A study conducted by Brown University in the US has concluded that in some cases, a couple are more likely to divorce if the members of their social group are also divorced. The research identified ‘clusters’ of divorces amongst social groups.
The findings suggest that when a couple in a particular social group choose to divorce, the other members of that social group then feel more able to assess their own relationships. They feel more confident in making decisions about their relationships that up to that point they may have been suppressing.
In essence, the research highlighted that divorce becomes less stigmatised within a social group after a couple within that group divorce. The friends within the group also have a better understanding of the divorce process and not least, through their friends’ own experiences, they can see there is life after divorce.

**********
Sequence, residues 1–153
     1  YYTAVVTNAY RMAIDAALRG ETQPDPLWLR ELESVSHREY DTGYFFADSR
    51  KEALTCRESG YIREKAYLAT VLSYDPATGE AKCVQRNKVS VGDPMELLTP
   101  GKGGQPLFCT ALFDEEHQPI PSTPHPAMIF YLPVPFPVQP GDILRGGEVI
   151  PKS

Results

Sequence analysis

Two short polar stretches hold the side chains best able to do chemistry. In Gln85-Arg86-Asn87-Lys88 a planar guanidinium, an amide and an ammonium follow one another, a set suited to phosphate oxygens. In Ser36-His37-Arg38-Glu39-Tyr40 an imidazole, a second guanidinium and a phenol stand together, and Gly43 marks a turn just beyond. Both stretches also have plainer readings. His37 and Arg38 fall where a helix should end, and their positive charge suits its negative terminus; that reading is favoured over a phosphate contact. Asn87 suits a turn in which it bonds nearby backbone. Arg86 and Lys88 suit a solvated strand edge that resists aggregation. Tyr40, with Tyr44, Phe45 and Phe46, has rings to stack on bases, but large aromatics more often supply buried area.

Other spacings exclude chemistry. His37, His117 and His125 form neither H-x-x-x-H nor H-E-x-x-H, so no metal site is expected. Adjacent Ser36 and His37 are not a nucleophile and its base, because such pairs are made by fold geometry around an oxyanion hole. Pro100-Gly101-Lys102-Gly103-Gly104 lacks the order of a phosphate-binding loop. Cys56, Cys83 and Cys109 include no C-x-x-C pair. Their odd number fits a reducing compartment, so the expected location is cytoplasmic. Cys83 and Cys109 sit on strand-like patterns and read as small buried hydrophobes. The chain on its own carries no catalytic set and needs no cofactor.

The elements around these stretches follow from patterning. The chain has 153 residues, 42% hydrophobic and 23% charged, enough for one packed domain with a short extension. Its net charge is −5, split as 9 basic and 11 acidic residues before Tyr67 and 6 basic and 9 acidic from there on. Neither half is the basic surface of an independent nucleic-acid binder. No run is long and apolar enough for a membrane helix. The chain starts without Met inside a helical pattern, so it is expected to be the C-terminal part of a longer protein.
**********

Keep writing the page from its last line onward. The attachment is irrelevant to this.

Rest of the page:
The research also identified that the presence of children in the relationship did not influence a couple’s likelihood to divorce; however, each additional child reduced the extent to which a couple were influenced by its social group.
Whilst the research is interesting to a point, it is also not surprising. Perhaps it can be argued that any unknown activity in life is more easily tackled when friends can provide support and advice from a position of experience and divorce is no different.